- Daniel Kammenscience envoy for the State Department and professor of energy at University of California at Berkeley.
The United Nations has announced that 2016 is very likely to be the hottest year on record, surpassing 2015, which had been the warmest year since records began. Meanwhile, Reuters reports President-elect Donald Trump is seeking quick ways to withdraw the United States from the Paris Accord to combat climate change. Trump is a longtime climate change denier who has described global warming as a Chinese hoax. To talk more about the U.N. climate talks here in Marrakech and the significance Donald Trump’s election for the world’s effort to combat climate change, we are joined by Daniel Kammen, science envoy for the State Department and professor of energy at University of California at Berkeley.
AMY GOODMAN: We’re broadcasting from Marrakech, Morocco, here at the U.N. climate summit, or COP 22, the conference of the parties. The high-level talks began earlier this morning. The United Nations has announced that 2016 is very likely to be the hottest year on record, surpassing 2015, which had been the warmest year since records began. World Meteorological Organization Secretary-General Petteri Taalas spoke here in Marrakech, Morocco, on Monday.
SECRETARY-GENERAL PETTERI TAALAS: On instrumental records so far, and if you look at the first—first nine months of this year, we are fairly high up again, and we are breaking all the records. And it’s likely that we will—we are going to reach this year 1.2-degree warming level, and we are going the wrong direction, if you think of this 1.5-degree warming level, which was agreed last year in Paris.
AMY GOODMAN: Meanwhile, Reuters is reporting Donald Trump is seeking ways to quickly withdraw the United States from the Paris Accord to combat climate change. Trump is a longtime climate change denier, who has described global warming as a Chinese hoax. On Monday, the U.S. special envoy on climate change, Jonathan Pershing, revealed that no one from Trump’s transition team has reached out to him to discuss U.S. climate policy.
JONATHAN PERSHING: I don’t really have any good insight for you. We are not yet in touch with the transition team. As I noted, they have not yet been named for our agency. We’re waiting to talk with them. I anticipate that will happen soon after I return to Washington. But in the absence of that, we don’t have any information to offer about our expectations for them. They haven’t been in touch with us.
AMY GOODMAN: To talk more about the U.N. climate talks here in Marrakech, Morocco, and the significance of Donald Trump’s election on the world’s effort to combat climate change, we’re joined by two guests. Daniel Kammen is science envoy for the U.S. State Department, professor of energy at the University of California at Berkeley. And Asad Rehman rejoins us today, spokesperson for Friends of the Earth International. He’s based in Britain.
We welcome you both to Democracy Now! Daniel Kammen, let’s begin with you. You’re the science envoy here of the State Department. John Kerry is expected to arrive in a couple of hours here at the U.N. summit. There are a number of world leaders here. The king of Morocco just passed behind us. A new leader has been chosen in the United States—not by popular vote. Still, Hillary Clinton, I believe, has around 2 million votes more, and that votes are still being tallied.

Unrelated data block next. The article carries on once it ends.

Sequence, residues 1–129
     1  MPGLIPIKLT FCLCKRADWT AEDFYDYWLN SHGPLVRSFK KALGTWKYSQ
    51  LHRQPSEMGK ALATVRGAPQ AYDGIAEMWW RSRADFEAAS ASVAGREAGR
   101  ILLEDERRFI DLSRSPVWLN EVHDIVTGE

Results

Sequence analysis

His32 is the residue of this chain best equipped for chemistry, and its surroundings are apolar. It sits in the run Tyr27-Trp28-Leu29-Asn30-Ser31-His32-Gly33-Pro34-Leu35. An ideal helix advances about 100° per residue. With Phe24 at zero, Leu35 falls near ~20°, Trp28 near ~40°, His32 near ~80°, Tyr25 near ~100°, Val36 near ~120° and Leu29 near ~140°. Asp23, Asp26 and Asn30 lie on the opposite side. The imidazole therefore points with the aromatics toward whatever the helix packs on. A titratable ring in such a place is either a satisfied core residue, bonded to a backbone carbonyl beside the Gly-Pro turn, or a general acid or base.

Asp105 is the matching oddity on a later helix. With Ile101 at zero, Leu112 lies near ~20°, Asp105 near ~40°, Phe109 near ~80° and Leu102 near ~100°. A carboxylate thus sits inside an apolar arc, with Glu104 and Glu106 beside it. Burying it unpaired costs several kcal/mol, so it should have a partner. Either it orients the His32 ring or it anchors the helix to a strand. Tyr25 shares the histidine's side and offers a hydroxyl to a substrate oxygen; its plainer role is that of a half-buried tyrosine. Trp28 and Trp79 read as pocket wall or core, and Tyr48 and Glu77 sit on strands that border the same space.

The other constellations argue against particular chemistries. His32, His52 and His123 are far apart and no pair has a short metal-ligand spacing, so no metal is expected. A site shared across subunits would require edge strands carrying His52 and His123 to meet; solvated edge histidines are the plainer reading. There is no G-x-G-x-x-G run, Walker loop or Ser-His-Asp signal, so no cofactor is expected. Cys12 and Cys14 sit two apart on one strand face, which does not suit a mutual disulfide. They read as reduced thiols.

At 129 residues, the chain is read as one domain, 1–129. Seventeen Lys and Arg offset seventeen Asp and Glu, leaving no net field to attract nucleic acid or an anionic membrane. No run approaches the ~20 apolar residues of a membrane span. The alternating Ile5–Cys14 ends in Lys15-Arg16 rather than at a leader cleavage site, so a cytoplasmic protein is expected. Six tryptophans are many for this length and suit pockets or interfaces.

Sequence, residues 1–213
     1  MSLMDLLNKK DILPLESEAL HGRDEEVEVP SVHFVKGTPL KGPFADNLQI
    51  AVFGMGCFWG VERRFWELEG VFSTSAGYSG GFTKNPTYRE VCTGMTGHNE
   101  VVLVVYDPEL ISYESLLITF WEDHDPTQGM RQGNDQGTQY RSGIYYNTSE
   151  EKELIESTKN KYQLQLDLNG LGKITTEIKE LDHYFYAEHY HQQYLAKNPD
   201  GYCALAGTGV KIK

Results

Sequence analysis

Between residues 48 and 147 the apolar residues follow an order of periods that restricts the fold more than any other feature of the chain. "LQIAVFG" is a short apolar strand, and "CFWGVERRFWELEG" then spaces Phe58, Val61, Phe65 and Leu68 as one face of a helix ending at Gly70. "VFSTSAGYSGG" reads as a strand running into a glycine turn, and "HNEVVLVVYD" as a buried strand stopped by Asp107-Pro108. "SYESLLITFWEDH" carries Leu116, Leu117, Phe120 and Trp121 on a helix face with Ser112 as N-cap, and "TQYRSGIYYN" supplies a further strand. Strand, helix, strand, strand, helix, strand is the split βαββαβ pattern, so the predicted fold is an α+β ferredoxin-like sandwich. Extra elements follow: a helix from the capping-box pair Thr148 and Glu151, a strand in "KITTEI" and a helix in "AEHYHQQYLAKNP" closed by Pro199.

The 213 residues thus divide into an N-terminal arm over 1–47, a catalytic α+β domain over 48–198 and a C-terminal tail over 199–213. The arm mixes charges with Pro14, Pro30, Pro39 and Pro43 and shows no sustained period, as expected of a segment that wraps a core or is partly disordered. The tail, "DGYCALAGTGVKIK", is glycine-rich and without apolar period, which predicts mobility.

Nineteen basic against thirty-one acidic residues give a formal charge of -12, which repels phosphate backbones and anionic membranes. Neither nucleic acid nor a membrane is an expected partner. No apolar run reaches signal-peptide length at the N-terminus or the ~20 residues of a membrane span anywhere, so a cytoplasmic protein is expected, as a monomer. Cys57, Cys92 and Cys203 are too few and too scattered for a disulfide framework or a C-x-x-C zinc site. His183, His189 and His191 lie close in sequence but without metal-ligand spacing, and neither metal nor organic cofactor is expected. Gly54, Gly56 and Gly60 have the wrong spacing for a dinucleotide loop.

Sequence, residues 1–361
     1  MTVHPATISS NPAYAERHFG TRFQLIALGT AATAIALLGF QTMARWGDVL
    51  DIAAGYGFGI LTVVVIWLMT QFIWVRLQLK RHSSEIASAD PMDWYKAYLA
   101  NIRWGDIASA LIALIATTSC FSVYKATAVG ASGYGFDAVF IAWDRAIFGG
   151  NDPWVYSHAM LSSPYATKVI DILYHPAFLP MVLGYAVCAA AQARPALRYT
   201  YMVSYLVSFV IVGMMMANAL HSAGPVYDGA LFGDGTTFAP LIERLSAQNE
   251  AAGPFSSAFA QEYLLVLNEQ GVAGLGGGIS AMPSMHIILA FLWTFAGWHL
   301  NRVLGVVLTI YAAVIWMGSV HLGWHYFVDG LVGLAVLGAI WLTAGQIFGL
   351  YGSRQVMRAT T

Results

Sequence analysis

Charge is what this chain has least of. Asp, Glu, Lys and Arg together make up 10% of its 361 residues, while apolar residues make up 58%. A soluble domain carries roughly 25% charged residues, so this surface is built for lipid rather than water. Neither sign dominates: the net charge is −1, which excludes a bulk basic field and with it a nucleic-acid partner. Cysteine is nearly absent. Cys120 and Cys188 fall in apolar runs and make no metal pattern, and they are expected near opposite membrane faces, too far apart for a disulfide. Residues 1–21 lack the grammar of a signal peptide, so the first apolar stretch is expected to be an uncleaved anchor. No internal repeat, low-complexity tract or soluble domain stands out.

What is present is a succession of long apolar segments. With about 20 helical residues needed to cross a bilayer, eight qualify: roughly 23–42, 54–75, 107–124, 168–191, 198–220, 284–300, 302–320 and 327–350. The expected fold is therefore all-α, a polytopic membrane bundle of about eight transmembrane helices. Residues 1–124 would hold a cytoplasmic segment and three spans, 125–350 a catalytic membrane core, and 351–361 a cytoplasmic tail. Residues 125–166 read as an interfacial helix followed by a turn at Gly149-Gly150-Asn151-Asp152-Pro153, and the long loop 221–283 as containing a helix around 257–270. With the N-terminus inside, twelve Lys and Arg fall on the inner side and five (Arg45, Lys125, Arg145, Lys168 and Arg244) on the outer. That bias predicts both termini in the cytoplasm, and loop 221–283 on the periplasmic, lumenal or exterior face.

DANIEL KAMMEN: That’s right.
AMY GOODMAN: But when it comes to the Electoral College, it looks like Donald Trump will be the next president. Your response as the climate envoy—the science envoy for the State Department?
DANIEL KAMMEN: Well, sticking to the climate story, I’d like to think that any new head of state, from whatever ideological background, will recognize that the science of climate change is really undisputable. I’ve been a member of the IPCC, the group that does the research to inform the U.N., for 15 years. And the hottest year records fall year after year. The economics of clean energy are overwhelmingly positive in terms of the low prices of solar and wind, the ability to meet both large-scale energy systems in the U.S. and China, but also off-grid options, and to really show that clean energy is actually a populist tool to bring resources to people who need it. So, I’d like to think that message will make it through, but we’ll see what happens as the politics plays out in D.C.
AMY GOODMAN: So, what does it mean for this summit? Donald Trump has been very clear: One of his first acts would be to pull out of the Paris climate agreement.
DANIEL KAMMEN: Well, thankfully for this summit in Morocco, we’re still under the current Obama administration, where the U.S. is playing a strong role to highlight goals for 2030 in the United States through the Clean Power Plan, but, most importantly, to be a partner overseas and around the world with governments like Morocco and Kenya that want to develop clean energy plans. You’re asking about what will happen at the next COP, and opinions vary widely. Pulling out of the COP legally is a process that would take some time, because not only was it signed and ratified under a month ago, but there is a process to pull out that takes a few years. The challenge is that you can be a passive-aggressive obstructionist by not sending a delegation, by not coming through with U.S. obligations. And to my mind, that would really be turning your back on economic winning opportunities.